ANSONIA — The sale of the Richard Mansfield House to the Derby Historical Society on April 8 left former owner Regina Cahill with mixed feelings.

“I couldn’t be happier about it. This is what John would have wanted. And so it’s bittersweet,” Cahill said.

Cahill was married to John D. Poole, the former owner of the house, which is located at 35 Jewett Street in Ansonia. He died in October 2019 and Cahill inherited the house and cared for it as the executor of her late husband’s estate.

The recent sale of the house she said, will ensure the home remains in Ansonia, per her late husband’s wishes. The Derby Historical Society paid $25,000 for the home according to the society and Cahill.

Derby Historical Society President Al Misiewicz said the society is now working on next steps and the house will eventually be moved to be next to the society’s David Humphreys House, located about three-quarters of a mile away on Elm Street.

“Right now that’s all it is, is a plan. It may take a couple of years to actually get it there. But that is the only reason we bought the house,” Misiewicz said.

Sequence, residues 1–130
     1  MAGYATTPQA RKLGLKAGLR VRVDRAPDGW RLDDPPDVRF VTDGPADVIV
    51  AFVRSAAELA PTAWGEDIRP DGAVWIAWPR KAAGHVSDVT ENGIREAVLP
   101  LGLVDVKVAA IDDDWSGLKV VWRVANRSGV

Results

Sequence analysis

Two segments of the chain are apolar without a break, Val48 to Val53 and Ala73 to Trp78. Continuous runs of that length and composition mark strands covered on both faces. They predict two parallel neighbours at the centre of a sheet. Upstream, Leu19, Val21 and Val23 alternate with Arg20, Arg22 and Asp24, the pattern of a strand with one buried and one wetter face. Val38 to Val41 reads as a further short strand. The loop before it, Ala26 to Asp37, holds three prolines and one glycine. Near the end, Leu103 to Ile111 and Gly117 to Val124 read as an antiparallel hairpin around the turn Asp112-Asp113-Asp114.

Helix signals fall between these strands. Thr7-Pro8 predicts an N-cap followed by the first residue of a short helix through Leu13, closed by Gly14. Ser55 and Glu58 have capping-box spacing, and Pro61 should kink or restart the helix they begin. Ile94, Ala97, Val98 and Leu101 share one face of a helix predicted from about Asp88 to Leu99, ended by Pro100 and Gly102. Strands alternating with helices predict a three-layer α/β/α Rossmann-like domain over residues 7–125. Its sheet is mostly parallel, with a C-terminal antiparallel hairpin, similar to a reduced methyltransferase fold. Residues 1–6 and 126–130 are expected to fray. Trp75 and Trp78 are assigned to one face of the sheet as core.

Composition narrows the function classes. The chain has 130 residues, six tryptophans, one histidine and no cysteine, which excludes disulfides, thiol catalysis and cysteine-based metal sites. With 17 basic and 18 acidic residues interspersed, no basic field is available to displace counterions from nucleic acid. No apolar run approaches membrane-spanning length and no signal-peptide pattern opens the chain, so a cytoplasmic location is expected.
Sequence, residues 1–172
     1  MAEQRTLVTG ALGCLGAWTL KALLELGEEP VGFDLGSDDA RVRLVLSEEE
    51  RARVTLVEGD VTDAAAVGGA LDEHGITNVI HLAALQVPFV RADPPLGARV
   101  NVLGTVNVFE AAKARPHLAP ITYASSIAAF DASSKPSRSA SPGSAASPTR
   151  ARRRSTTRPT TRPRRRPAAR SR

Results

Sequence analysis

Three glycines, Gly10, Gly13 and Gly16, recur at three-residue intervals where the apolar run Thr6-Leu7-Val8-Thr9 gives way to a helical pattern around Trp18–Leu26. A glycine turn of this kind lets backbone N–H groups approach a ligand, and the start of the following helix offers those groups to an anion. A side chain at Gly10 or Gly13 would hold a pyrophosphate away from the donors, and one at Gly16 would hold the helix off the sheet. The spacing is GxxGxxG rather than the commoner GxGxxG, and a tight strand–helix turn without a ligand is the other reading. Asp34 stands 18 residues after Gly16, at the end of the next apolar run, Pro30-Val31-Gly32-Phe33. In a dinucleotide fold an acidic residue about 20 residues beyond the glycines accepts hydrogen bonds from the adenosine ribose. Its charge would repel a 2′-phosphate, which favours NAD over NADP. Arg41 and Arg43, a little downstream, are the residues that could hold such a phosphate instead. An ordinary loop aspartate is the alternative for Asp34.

Misiewicz said the society is planning on fundraising for moving the house and restorations. He estimated the total costs to restore the home could cost up to $300,000.

The home was originally purchased in 1748 according to the society and was inhabited by Mansfield, an Episcopal reverend who ministered to his congregation for 72 years, the longest in American history, according to the society.

Derby Historical Society Vice President Jim Gildea said Cahill sold the property to the society even after receiving substantially higher offers because she wanted the historically significant house to stay in the Naugatuck Valley.